The winning team could not be shy. To find everything on the list you had to ask questions. Do you know where there’s a fish tank? Can I take a picture of you for a scavenger hunt?

After 1.5 hours of walking and sleuthing, we returned home together by bus and the sky gifted us heavy rain (remember this is Seattle).

We rendezvoused at our home to eat pizza and watch scavenger hunt pictures on our TV. A winning team was announced and the party was over.

The scavenger hunt was a big hit; a memorable event for a young woman turning 13 in Seattle.
Here are some things from our Seattle Scavenger Hunt:

A bench with someone you don’t know sitting on it, a fountain, leopard outfit, Pez dispenser, fish tank, slice of pizza, picture of everyone in your group wearing a hat, Elvis, a honey bucket, a flag, someone in your group with a fluffy white animal (most likely stuffed), a security camera, a blue rose, dog on a leash, something Hello Kitty, UW sweatshirt, a lightning bolt, Seattle postcard, a street performer, your group on a stage, an escalator or intertwined in a human knot…

You don’t need to spend much money to have a fabulous party.

Do you have a frugal and fun party idea?

Green police

My daughter watched the Super Bowl this year and I missed it (aw shucks). When she returned home I asked her which commercial was her favorite. Her response?

The Green Police Ad:

My daughter thought the Green Police ad was clever. What if disposable products were illegal? Is it absurd or a possibility? Does the ad help or hurt green initiatives?

Is the ad effective? 

After saying the ad was clever, my daughter added “I wanted the car for a second.”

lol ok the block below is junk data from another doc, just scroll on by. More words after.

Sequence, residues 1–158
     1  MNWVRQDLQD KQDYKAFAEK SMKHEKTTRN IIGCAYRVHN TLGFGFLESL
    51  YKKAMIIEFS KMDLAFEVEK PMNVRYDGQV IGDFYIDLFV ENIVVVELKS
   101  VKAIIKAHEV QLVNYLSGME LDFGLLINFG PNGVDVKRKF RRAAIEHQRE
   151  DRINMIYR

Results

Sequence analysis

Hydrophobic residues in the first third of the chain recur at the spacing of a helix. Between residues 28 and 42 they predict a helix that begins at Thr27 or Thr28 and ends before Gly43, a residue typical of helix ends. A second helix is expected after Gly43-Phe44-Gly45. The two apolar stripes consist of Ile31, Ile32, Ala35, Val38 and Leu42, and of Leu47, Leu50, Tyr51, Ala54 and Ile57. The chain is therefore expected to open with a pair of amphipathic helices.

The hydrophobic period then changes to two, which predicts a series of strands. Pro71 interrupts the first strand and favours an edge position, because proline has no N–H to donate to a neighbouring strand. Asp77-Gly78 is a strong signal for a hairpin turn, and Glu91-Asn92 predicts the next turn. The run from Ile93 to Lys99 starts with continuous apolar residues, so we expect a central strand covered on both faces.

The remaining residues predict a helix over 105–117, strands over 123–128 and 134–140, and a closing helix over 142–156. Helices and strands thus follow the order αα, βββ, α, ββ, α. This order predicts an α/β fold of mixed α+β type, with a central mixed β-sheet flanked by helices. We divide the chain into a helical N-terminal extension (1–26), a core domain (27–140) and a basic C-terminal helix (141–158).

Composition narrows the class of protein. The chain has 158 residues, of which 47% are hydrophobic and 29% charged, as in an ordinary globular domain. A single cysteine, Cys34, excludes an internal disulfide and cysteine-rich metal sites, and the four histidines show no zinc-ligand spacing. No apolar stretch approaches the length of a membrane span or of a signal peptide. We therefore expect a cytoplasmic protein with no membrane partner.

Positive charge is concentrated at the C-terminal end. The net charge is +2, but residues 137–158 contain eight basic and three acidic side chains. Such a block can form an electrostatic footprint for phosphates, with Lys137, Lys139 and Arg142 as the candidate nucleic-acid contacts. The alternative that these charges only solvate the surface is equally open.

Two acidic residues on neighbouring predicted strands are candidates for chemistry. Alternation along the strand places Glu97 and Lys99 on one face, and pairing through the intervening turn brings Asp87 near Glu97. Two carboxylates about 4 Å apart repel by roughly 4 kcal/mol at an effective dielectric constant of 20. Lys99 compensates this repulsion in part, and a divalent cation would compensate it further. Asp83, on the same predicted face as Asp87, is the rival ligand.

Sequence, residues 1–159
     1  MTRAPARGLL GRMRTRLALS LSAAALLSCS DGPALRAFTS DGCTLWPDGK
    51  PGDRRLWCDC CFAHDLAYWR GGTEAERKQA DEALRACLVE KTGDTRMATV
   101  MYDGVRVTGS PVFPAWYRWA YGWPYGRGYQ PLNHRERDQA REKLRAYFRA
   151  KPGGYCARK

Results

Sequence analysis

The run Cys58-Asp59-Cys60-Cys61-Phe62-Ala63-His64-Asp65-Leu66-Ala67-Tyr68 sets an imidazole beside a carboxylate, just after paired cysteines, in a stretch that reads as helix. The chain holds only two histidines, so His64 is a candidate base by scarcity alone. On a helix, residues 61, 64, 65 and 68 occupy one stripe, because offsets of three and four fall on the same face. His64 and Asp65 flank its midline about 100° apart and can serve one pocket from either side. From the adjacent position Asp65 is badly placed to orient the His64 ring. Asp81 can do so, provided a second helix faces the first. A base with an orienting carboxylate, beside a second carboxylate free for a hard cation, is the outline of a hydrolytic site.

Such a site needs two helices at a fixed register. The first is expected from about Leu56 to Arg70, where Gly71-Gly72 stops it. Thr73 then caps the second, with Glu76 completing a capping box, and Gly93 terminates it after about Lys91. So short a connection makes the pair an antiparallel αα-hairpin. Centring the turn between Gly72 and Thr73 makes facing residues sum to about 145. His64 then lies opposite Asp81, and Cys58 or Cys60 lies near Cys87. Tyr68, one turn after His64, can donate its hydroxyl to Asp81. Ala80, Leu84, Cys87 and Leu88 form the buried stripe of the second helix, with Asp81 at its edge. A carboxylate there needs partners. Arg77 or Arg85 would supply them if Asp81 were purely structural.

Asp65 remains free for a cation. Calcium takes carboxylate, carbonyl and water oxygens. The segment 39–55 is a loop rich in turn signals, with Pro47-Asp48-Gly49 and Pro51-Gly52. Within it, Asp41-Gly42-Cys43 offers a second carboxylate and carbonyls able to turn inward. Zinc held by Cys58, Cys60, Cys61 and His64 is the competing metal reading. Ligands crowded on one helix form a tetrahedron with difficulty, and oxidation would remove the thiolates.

Oh no! The ad was very effective. We don’t need a car, not to mention my daughter can’t drive. Still, she wanted the car for a second.

Ah, the power of advertising. This is why companies pay millions of dollars for 30 seconds.

What do you think? Does the ad help green initiatives, hurt them, or just help sell cars?

Join us! ‘No Impact Man’ in Seattle

I’m a huge Colin Beavan fan. I just devoured Colin’s new No Impact Man book, and now I can’t wait to see the documentary about the year Colin and his family lived a non-traditional, green lifestyle in NYC. The movie trailer is fun and the book is thought provoking and inspirational.  

Join me and Betsy Talbot from Married With Luggage for an intriguing, entertaining and inspirational evening (yes, I think the movie will be all of these things and more).

  • What: No Impact Man 
  • Date: Friday, September 25
  • Time: 7 pm
  • Where: Landmark Theatre in Seattle

No Impact Man trailer

Is it possible to have a good life without wasting so much?

I think the answer is definitely YES.

Out with the DVR

Once upon a time, my DVR (digital video recorder) was important to me. My DVR recorded things and let me watch them when I wanted, without commercials. Total bliss. Then time passed and my DVR lost its luster. My life changed (a divorce), tv became less appealing and my kids outgrew the PBS kiddie shows.

So in May of 2008 I pulled the plug on DirectTV and tv altogether, since we can’t get broadcast tv.

My original thought was that we might go tv-free for the summer. But then summer sailed by and we just kept pluggin’ along tv-free.

Now sixteen months later, I ceremoniously removed the DVR box from my closet and put it on freecycle.org. I got four enthusiastic responses in five minutes, so my DVR is going to a good home.


What I find interesting about this experience is how tastes change. I once watched an hour of TV everyday. What I once thought was indispensible is now dispensable.

What will be next?

Now I spend an hour a day on my Kindle. I read books, magazines and blogs (although most of my favorite blogs are not on the Kindle). And it seems indispensible. At least at this moment in my life. But what about five years from now? Will I be putting my Kindle on freecycle?

How about you? Have you reconsidered what you once thought was indispensible?

Thinking of pulling the plug? Check out Life after cable: Broadcast TV alternatives for alternatives to paid television programming.